Chicago Tribune writer Greg Kot noted that "Legend sings with more grit than usual, and the Roots crackle with energy", but stated, "This well-intentioned collection never surpasses the strong originals from which it draws". Mikael Wood of Spin considered that "The results don't always play to [Legend]'s melodic strengths; ?uestlove sounds a bit reined-in, too."AllMusic writer Andy Kellman shared a similar sentiment and commented that "There are several instances when the Roots, who are deeply intimate with grit, outshine Legend, whose polished and pride-rich voice occasionally clashes with the material."Chicago Sun-Times writer Thomas Conner gave it two out of four stars and stated: "Legend might be the weak link; he's not the grittiest singer to be tackling this particular set list – he's often a boy in a man's studio here, especially when he gamely but lamely yeah's through the 12-minute arc of Bill Withers' wartime lament 'I Can't Write Left-Handed' – but his ease mostly makes a dynamic foil for the Roots' muscle and the frequent guest vocals." Zach Cole of URB 's criticized Legend's singing as overdone and wrote that the album "run[s] the risk of coming across as entirely cheesy and contrived".Slant Magazine's Jesse Cataldo found it musically "hollow and brittle" and commented that "Many of these treatments are good, but barely justify what amounts to a good-time vanity project for both acts."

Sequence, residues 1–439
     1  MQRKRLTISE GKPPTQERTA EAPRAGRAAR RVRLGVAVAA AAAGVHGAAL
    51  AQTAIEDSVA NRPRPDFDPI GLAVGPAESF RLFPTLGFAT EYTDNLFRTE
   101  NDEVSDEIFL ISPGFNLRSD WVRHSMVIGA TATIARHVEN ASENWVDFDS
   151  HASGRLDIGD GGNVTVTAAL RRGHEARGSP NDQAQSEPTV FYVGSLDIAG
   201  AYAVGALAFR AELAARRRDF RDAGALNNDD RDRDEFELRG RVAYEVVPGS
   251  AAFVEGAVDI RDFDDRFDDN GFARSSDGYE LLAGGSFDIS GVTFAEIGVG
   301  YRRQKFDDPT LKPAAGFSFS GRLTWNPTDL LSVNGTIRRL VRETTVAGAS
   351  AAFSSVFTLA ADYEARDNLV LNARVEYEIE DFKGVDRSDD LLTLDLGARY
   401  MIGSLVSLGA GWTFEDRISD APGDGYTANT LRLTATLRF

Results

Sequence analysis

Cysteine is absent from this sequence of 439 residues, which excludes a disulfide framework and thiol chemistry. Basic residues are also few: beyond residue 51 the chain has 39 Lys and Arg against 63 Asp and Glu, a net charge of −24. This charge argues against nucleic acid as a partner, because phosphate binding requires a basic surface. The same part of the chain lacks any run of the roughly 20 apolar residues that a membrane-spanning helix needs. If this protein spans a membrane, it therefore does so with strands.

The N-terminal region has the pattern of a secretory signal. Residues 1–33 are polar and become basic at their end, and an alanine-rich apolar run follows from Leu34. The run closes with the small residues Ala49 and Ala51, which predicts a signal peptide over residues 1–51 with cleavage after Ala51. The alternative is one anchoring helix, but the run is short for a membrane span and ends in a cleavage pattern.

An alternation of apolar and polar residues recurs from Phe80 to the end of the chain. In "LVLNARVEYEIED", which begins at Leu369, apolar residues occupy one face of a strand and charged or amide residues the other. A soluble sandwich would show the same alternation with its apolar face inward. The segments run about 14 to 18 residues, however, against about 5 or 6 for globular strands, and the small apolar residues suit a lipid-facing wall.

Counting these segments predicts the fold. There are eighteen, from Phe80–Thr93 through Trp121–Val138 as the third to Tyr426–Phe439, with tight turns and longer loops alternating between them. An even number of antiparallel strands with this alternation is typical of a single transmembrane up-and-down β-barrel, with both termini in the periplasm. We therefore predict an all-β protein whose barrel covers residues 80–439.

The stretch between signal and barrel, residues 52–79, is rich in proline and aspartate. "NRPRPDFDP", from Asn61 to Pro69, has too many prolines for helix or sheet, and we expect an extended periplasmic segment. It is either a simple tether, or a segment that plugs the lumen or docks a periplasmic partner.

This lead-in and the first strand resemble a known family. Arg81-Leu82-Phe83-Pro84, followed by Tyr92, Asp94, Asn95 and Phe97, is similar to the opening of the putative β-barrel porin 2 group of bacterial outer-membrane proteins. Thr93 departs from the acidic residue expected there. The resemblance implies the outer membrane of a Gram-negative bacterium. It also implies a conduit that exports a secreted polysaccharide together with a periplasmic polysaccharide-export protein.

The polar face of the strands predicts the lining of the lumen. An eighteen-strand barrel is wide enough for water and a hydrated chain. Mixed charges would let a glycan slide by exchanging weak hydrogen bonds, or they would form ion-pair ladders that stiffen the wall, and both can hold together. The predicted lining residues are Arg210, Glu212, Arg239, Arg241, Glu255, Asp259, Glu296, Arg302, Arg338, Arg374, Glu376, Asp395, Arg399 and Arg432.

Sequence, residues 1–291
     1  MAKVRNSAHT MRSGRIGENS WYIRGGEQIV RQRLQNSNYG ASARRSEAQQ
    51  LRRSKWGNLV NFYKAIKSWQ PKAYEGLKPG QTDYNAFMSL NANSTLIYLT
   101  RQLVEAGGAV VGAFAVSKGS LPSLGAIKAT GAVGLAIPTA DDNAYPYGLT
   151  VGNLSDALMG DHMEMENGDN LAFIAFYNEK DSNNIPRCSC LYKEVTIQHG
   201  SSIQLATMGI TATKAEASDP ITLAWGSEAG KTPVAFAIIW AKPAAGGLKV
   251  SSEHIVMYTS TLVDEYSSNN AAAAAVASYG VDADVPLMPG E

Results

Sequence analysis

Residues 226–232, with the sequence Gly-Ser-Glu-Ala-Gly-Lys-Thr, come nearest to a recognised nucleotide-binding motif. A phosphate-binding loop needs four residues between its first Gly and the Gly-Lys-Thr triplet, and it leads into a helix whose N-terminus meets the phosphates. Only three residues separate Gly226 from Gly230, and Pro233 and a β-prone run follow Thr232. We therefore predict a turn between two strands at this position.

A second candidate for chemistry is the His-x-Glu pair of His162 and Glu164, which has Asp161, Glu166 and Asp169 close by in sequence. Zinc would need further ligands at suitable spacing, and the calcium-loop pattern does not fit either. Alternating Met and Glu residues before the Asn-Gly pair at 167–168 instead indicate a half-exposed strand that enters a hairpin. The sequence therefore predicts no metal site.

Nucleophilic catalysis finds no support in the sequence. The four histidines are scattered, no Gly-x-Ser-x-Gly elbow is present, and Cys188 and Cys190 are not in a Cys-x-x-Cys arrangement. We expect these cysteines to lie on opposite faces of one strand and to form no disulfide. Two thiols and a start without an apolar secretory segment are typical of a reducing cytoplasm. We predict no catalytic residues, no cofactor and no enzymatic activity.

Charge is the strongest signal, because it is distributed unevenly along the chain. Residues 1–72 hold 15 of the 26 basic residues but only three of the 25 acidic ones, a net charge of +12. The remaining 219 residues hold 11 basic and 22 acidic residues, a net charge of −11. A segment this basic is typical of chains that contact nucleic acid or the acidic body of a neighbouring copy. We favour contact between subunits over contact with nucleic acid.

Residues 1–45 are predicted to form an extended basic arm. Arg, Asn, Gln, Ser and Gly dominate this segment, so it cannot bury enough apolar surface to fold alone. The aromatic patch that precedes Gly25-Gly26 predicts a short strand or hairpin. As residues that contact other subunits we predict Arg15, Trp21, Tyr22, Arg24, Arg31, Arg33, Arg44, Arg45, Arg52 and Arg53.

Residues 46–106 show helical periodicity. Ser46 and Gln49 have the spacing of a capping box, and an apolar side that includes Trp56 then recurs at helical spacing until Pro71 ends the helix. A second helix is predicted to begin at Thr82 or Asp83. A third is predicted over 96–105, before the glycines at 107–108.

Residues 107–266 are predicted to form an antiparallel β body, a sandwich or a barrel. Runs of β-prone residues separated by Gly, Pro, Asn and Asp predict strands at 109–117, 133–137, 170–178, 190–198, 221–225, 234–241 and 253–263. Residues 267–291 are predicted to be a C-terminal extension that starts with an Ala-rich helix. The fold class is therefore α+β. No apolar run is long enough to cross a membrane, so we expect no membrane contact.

Richard Trapunski of NOW viewed that Legend's "straightforward neo-soul delivery often plays it safe", but concluded: "the expertly curated track list and funky arrangements make it more than a tossed-off vanity project." Despite finding its arrangements unadventerous, Los Angeles Times writer Todd Martens called Wake Up! "a respectable love letter, if not quite an urgent one, to artists who shouldn’t be overlooked" and commended Legend for "stretching out of his [comfort zone]... he packs far more spark here than he did on 2008’s 'Evolver '." David Amidon of PopMatters viewed that Legend "not only delivers his most focused effort yet, but his most diverse". Rupert Howe of Q cited Wake Up! as "one of the finest soul albums of recent times" and complimented Legend's vocal "versatility". Dave Simpson of The Guardian noted Legend's "emotional rawness" and wrote that "many of the tracks have a raw, driving feel along the lines of [Marvin] Gaye's Inner City Blues".The A.V. Club 's Nathan Rabin commented that "The Roots' tight playing serves the songs and their messages rather than the other way around, while Legend has mastered the art of singing expressively without over-emoting." Brad Wheeler of The Globe and Mail gave the album three out of four stars and commented that they "succeed" in their "attempt to keep these songs 'real' compared to the original versions".